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What is Miscanthus?

Miscanthus is a tall perennial grass that has been evaluated in Europe during the past 5-10 years as a new bioenergy crop. It is sometimes confused with elephant grass (Pennisetum purpureum) and has been called both "elephant grass" and "E-grass". Most of the miscanthus cultivars proposed as a commercial crop in Europe are sterile hybrids (Miscanthus x giganteus) which originated in Japan. A number of ornamental varieties of miscanthus are also known to exist under various common names. Miscanthus can be harvested every year with a sugar cane harvester and can be grown in a cool climate like that of northern Europe. Like other bioenergy crops, the harvested stems of miscanthus may be used as fuel for production of heat and electric power, or for conversion to other useful products such as ethanol. miscanthus stand
Mature stand of Miscanthus x giganteus, approximately 3.5 m (11.5 ft) high, Forchheim, Baden-Württemberg, Germany, February 1995. Photo by Dr. I. Lewandowski, Institute for Crop Production and Grassland Research, University of Hohenheim, Germany.

How is Miscanthus grown?

Miscanthus is being grown experimentally in at least 10 European countries. The crop is established by planting pieces of the root called rhizomes, which are usually collected from "nursery fields" where miscanthus has already been established. The rhizomes can be broken up, collected and planted using existing agricultural equipment such as potato harvesters and planters. Irrigation in the first year and protection from frost improves the establishment rate. The crop is normally harvested from year 2 onwards, but yields continue to improve until they level off around the 5th or 6th year. miscanthus rhizome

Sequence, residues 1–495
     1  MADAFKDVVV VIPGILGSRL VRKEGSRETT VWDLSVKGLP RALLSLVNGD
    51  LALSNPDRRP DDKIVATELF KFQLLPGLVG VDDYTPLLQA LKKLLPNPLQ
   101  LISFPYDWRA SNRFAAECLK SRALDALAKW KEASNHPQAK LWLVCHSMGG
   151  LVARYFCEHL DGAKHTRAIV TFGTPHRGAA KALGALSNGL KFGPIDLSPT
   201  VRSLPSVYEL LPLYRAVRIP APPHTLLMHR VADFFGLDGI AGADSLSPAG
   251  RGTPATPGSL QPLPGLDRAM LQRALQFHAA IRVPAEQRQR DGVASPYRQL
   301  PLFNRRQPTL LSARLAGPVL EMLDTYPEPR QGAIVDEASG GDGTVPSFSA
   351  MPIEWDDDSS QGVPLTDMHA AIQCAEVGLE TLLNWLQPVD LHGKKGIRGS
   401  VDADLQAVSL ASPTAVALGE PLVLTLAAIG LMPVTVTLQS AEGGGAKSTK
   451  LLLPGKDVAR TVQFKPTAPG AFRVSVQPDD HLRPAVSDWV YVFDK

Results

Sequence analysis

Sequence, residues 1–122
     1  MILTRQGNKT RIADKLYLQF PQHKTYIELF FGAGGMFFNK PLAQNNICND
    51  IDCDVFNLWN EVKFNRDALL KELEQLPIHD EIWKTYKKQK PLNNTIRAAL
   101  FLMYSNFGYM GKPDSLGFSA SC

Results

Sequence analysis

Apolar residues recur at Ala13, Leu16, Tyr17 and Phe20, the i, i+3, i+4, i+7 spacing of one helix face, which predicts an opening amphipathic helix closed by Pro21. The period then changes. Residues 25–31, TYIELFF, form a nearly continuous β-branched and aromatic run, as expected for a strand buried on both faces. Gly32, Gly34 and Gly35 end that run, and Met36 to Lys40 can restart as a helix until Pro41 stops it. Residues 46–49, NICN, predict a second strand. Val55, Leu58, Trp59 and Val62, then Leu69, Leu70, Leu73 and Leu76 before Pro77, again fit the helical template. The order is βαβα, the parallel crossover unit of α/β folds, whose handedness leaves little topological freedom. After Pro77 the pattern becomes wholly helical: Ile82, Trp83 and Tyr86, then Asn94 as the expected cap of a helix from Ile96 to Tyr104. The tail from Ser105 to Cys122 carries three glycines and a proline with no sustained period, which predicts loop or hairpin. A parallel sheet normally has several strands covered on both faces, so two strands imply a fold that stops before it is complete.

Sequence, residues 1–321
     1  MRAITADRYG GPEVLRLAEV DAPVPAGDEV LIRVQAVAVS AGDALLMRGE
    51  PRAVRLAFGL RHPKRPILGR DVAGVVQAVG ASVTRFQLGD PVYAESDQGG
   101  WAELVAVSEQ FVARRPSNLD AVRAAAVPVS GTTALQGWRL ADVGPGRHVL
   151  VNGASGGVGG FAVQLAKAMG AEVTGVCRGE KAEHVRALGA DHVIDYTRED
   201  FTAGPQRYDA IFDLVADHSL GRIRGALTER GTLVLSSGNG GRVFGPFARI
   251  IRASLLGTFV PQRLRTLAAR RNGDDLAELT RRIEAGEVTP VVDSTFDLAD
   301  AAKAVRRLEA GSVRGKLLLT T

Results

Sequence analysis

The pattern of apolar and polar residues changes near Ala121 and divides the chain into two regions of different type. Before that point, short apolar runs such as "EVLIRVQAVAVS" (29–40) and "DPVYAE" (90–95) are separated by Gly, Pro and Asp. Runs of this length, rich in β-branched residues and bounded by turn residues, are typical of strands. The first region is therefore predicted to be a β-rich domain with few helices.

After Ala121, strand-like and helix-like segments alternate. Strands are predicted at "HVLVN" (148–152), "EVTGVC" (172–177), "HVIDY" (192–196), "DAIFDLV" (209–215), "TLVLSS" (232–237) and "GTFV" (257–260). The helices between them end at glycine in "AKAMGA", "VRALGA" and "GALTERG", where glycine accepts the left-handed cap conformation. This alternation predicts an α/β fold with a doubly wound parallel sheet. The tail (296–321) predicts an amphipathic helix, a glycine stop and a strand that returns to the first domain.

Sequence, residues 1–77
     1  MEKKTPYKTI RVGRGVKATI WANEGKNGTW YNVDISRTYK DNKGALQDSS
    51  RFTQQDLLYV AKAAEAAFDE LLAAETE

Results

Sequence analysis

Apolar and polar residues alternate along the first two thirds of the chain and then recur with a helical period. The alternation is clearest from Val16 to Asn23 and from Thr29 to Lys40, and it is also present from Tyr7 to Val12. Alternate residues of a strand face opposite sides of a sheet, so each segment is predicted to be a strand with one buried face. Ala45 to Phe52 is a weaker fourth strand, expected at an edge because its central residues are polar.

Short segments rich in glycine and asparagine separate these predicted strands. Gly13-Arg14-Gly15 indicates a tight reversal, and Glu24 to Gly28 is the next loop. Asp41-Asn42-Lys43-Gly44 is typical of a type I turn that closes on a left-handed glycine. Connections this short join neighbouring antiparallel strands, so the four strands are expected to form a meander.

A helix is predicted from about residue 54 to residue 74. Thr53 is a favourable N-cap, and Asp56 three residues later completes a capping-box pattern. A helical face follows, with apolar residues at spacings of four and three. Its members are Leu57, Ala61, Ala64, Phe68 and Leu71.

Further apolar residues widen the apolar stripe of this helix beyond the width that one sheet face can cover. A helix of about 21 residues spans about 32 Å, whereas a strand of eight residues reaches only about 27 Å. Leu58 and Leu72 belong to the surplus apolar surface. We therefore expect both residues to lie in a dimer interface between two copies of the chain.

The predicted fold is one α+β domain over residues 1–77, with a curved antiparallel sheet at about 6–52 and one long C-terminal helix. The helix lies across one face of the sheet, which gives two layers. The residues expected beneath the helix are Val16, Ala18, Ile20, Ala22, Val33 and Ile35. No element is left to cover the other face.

Miscanthus rhizome propagation material ready for planting, about 10 cm (4 in) in length, June 1996, Vejle, Denmark. Photo by L.L. Wright, Oak Ridge National Laboratory.

What annual yields can be expected under U.S. conditions?

To date, there are no yield results from any trials in the U.S. Speculating from European data on small plots in agricultural experimental stations, the crop may attain as much as 25 t/ha (10 t/acre) dry weight by Fall. In Europe, it is usually considered desirable to harvest in early Spring, after nutrient recycling and drying has taken place. By then, the yield is reduced to about 15 t/ha (6 t/acre) dry weight. Over large areas, under typical agricultural practices, an average of about 8t/ha (3t/acre dry weight) may be expected at harvest-time. The European conditions for these trials range from latitude 50 N to 37 N (roughly from North Dakota to Kentucky, but note that the European climate tends to be warmer and more moderate at the same latitudes than the U.S.). Average annual temperatures and rainfall for the European trials range from 7.5 C to 17.5 C (45-63 F), and 500-1000 mm (20-40 inches), with irrigation at the warmer, more southern latitudes. Fertilizer needs appear to be relatively low, depending upon local soil fertility. miscanthus harvest